Peggy Sharpe’s contributions to the environment in Rhode Island are so extensive it is difficult to count them. Her contributions began in the 1970s when Rhode Island was hit with a major military base closing that left much of the land along Narragansett Bay open to new development. To prevent this from happening, Sharpe and others took legal action to force the government to prepare a full Environmental Impact Statement – a national precedent at that time. Since then, Sharpe has been a driving force behind the Conservation Law Foundation’s involvement in Rhode Island, the Providence Street Tree Program, the Citizens Advisory Group on Solid Waste and the establishment of a Rhode Island Office by the Nature Conservancy. She was the first state director of the Nature Conservancy’s Rhode Island Office, which has since helped preserve over 18,000 acres in the state. Sharpe has also been a driving force behind the expansion of Brown University’s Center for Environmental Studies. There is no doubt that Rhode Island’s environment is much better off thanks to Peggy Sharpe’s years of charming, persuasive environmental advocacy.
Neil Ross, Clean Marina Programs, Kingston, R.I.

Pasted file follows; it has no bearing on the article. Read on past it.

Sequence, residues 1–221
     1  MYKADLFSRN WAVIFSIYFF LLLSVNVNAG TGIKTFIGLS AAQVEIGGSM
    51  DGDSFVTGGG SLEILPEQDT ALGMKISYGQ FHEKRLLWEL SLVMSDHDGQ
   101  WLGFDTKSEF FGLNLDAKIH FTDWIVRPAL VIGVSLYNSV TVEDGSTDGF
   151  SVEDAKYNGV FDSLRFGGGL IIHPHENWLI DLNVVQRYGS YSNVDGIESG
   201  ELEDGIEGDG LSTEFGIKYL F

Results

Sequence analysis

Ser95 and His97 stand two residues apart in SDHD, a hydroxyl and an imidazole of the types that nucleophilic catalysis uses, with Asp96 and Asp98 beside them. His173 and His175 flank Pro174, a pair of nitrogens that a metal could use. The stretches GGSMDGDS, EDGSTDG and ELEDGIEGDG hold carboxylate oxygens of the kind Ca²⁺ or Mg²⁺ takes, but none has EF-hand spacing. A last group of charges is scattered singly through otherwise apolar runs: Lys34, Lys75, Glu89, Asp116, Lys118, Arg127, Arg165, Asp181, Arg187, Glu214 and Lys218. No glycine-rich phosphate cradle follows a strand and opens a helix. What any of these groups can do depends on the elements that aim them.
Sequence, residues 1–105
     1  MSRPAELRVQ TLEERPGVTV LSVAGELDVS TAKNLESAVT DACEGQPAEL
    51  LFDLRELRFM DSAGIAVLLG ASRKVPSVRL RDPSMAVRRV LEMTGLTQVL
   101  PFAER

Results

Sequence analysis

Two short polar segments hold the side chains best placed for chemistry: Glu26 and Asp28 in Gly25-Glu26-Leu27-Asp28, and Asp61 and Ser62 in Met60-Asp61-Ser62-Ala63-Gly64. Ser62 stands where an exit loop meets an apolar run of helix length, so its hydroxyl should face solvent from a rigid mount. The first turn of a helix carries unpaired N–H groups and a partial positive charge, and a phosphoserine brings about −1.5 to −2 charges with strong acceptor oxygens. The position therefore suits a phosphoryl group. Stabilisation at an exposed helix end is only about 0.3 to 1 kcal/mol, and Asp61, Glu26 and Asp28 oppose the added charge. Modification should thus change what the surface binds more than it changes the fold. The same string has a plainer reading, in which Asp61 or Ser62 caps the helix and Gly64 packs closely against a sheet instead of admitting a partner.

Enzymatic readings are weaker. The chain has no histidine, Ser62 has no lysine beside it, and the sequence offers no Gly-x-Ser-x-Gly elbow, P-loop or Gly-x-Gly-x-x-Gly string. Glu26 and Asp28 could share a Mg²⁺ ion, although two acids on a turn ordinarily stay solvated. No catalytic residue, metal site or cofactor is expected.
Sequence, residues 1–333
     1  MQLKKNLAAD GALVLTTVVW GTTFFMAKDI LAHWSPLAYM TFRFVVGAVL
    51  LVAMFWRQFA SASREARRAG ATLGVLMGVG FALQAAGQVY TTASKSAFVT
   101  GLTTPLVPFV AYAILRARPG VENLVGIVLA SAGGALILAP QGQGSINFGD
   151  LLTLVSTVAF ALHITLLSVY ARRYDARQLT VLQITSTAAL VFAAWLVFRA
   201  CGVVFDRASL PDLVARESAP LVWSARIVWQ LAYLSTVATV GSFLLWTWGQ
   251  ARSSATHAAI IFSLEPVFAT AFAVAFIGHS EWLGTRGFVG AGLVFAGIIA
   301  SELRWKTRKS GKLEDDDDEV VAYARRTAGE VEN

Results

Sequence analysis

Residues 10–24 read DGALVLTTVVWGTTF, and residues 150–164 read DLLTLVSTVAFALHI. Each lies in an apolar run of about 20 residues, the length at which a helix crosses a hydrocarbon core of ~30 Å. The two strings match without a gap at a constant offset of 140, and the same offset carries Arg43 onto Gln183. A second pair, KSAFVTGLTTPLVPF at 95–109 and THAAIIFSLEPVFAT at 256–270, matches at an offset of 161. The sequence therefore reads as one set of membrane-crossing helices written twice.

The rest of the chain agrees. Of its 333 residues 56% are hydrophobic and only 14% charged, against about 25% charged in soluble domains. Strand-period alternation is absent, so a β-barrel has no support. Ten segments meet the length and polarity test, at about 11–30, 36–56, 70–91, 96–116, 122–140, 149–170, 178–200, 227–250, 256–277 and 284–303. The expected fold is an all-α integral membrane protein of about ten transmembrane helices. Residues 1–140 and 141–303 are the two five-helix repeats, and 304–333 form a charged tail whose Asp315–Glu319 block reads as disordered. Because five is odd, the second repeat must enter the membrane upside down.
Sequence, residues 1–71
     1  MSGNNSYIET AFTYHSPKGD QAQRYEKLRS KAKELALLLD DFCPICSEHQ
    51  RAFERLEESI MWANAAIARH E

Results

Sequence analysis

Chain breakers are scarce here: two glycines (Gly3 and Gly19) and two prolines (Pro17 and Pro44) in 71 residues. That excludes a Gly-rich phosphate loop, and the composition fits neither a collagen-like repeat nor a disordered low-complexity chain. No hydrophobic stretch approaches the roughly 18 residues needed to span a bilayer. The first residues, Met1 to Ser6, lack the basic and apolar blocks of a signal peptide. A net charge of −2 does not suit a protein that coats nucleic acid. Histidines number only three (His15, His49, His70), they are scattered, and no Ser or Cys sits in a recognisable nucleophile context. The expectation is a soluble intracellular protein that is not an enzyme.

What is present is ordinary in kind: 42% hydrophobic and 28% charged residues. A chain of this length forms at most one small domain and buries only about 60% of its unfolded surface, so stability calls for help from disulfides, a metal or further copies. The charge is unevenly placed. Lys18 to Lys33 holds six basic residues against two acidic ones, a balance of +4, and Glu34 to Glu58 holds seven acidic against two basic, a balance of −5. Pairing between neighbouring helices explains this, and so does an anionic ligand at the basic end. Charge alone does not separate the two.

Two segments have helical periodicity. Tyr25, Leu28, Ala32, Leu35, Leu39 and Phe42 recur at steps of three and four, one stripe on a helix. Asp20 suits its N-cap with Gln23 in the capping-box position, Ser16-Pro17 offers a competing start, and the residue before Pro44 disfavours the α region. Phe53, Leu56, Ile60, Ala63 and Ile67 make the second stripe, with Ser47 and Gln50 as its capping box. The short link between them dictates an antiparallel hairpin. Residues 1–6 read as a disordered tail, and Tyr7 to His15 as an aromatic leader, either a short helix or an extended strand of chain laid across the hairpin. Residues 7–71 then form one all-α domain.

Neil Ross has been a champion for clean waters and clean boating for more than 30 years. He co-founded the International Marina Institute and the Marine Environmental Educational Foundation, and been active in the formation of marina associations in Brazil, the Virgin Islands and Asia. He has been a tireless proponent of clean marina programs and clean boating programs across the country. Among his successes is the first clean marina program in Maryland, now being imitated across the country, with efforts underway in all five coastal New England states. Ross was also instrumental in crafting the federal Clean Vessel Act, which provides funding for pumpout facilities for wastewater from boats, and championed Rhode Island’s successful effort to designate all state waters waters as a “No Discharge” area, where boat wastewater discharges are prohibited. He continues to write and speak as a highly respected authority about the importance of clean water for boaters and the marina industry’s responsibilities in protecting water quality.